Does the world economy look too good?
There are two types of people at this year's Davos. Those who think the global outlook looks good and those who think it looks too good.
Axel Weber, the chairman of investment bank UBS summed it up nicely when he told a Davos audience that things are buoyant - too buoyant.
In one camp are the people who look at the real economy. According to the IMF, the world economy is enjoying its biggest period of concerted global growth since 2010.
All the major engines of economic activity are firing at the same time. The United States, China, India are growing strongly and with the exception of the UK, even the European Union is stirring from a decade of slumber.
All good news for investment and jobs and the overall tone among economists is decidedly upbeat.
But then there are the Cassandras who predict that the seeds of the next crisis are being sown as we speak.
These are the types who look at financial markets. They say all the good news we are hearing now has already been reflected in stock markets that have boomed in the last year.
They fear that with growth and inflation on the rise, helped by an extra shot of rocket fuel in the tank courtesy of Donald Trump's massive corporation tax cuts (down from 35% to 21%), growth and demand will push up prices.
They say that central banks - and in particular the US Federal Reserve - will have no choice but to speed up the process of reversing the biggest financial stimulus programme of all time.
Trillions of dollars, pounds euros and yen have been poured into the financial system over the last decade and it is still happening.
As Huw van Steenis from Schroders has said - over $2 trillion has been pumped into the international system in the last year alone. That is way too many drugs for a healthy economic patient.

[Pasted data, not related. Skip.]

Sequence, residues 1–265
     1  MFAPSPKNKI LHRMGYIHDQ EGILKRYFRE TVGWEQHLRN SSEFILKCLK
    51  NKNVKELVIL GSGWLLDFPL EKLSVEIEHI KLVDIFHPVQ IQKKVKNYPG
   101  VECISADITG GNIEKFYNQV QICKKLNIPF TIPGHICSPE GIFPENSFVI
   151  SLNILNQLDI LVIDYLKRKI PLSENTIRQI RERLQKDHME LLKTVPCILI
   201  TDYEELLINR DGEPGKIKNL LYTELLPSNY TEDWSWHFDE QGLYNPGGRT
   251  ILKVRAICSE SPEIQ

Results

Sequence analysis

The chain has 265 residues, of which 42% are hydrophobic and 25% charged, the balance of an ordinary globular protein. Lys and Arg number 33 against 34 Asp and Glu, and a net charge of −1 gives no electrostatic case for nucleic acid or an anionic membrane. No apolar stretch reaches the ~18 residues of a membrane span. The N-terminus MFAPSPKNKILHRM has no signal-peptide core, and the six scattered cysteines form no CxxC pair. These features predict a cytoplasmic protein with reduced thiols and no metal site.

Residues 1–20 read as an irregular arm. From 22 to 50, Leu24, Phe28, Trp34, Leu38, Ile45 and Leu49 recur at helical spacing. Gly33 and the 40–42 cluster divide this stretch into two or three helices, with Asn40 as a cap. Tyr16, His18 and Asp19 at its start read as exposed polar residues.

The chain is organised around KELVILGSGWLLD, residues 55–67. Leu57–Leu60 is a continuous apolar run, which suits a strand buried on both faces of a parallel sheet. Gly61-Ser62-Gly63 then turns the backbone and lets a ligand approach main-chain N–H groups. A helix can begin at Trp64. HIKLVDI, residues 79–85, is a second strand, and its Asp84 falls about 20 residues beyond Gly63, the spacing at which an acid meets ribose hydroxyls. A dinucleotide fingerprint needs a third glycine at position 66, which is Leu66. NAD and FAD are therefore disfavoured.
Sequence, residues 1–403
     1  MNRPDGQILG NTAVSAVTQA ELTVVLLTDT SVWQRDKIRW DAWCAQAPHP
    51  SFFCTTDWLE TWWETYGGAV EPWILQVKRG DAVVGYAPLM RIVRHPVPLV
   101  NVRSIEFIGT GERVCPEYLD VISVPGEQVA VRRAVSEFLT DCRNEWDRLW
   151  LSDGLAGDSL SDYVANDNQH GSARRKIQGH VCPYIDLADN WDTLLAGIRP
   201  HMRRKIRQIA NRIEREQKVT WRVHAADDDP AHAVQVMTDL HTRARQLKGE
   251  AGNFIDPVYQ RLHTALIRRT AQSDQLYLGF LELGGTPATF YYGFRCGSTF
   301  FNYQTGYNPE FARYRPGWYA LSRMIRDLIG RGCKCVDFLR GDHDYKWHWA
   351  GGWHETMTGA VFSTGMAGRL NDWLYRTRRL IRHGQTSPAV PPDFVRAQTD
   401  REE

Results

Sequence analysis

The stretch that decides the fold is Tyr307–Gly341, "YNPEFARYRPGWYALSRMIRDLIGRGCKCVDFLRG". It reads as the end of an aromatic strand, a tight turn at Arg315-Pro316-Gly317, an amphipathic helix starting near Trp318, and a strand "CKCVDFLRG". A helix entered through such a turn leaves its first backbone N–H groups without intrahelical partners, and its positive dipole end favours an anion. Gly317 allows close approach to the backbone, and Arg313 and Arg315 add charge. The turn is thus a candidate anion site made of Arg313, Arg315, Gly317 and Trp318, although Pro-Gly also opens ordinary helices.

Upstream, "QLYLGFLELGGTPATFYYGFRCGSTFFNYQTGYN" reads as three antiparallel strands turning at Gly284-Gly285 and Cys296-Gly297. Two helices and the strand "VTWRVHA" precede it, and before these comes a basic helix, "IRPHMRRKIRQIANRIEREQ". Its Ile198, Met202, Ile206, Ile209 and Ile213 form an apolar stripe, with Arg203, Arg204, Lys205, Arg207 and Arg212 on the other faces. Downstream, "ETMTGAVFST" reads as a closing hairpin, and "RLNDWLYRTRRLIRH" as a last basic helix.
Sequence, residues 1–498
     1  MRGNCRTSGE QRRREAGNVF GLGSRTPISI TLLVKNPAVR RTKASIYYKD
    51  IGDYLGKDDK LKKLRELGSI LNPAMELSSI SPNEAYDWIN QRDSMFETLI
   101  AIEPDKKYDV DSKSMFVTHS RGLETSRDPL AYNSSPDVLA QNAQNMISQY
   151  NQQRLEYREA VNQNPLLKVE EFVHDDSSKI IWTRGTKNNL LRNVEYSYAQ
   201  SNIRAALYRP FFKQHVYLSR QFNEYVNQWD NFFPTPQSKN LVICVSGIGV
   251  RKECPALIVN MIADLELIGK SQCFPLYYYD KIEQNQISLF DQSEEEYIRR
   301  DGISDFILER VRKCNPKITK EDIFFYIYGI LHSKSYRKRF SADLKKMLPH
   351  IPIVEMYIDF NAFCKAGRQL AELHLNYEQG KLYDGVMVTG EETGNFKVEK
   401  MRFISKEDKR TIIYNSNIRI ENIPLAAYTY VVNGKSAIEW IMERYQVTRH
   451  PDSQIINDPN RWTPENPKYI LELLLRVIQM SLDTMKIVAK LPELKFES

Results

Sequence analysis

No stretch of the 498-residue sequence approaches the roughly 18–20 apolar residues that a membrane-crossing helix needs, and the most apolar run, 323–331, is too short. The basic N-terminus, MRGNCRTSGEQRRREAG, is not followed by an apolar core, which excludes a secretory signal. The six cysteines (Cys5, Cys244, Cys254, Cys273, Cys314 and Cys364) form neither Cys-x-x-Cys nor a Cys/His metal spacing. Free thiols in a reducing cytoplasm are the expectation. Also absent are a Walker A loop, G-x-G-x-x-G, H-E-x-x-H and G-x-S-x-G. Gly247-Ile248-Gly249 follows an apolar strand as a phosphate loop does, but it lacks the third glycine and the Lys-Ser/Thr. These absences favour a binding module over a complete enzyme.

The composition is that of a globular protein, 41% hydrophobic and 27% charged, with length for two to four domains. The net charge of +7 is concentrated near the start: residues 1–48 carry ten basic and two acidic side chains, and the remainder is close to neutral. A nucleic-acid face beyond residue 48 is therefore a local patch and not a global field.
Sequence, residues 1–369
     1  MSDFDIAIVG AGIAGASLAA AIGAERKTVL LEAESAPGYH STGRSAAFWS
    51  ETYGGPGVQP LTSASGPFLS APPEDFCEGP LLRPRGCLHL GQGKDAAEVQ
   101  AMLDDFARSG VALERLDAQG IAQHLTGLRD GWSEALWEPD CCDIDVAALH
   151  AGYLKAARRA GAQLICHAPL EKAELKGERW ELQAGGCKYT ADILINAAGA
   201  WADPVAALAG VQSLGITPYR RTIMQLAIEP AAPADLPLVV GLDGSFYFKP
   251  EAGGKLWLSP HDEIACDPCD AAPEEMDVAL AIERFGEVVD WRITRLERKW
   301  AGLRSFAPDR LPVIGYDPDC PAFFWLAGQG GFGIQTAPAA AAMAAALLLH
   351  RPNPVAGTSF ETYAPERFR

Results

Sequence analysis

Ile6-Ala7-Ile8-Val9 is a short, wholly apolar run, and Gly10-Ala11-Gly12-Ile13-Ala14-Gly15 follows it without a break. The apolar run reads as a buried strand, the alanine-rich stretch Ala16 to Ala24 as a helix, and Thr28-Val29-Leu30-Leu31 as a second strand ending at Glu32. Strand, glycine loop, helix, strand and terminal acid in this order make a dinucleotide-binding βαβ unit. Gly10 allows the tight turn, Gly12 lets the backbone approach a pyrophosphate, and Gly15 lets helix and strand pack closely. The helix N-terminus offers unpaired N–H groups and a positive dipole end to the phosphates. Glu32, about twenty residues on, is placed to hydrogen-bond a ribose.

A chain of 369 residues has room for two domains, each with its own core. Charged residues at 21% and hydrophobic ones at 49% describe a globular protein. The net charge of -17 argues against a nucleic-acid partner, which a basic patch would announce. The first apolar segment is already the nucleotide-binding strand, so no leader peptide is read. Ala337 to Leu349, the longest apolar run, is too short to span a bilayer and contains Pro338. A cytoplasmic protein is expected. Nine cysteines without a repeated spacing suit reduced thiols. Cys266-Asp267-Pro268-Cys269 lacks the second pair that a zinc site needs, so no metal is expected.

Barclays chief executive Jes Staley pointed out to a Davos audience, the mismatch between the current rosy economic climate and the level of world interest rates.
"We've got 4% global growth but we've got a monetary policy that's still in the depression era," he said.
Harvard University professor Kenneth Rogoff went further. "If interest rates go up even modestly, halfway to their normal level you will see a collapse in the stock market," he said.
What matters to most people around the world is the real economy - jobs, wages and growth - not the financial markets.
But as we learned in 2008, a financial market collapse can quickly cause recessions as banks rein in their lending depriving people and businesses of the credit they need to spend and invest.
There are others in Davos who think that even if we have a major stock market fall, that wouldn't necessarily kill off growth.
The chief executive of a major asset manager pointed me to the example of 1987 when the stock market suffered a 20% fall but the economy still grew.
Michael Corbat from Citigroup said the banks were much more solid now and that their lending would not necessarily be impaired if financial markets fell.
That is also the position of the Bank of England who test banks' ability to lend in very adverse situations.
Nevertheless there are plenty of people worried that the tap of cheap money is being gradually turned off right around the world.
If booming global growth means those turns are not gradual, then in the words of Barclays boss Jes Staley: "Hold on to your hats".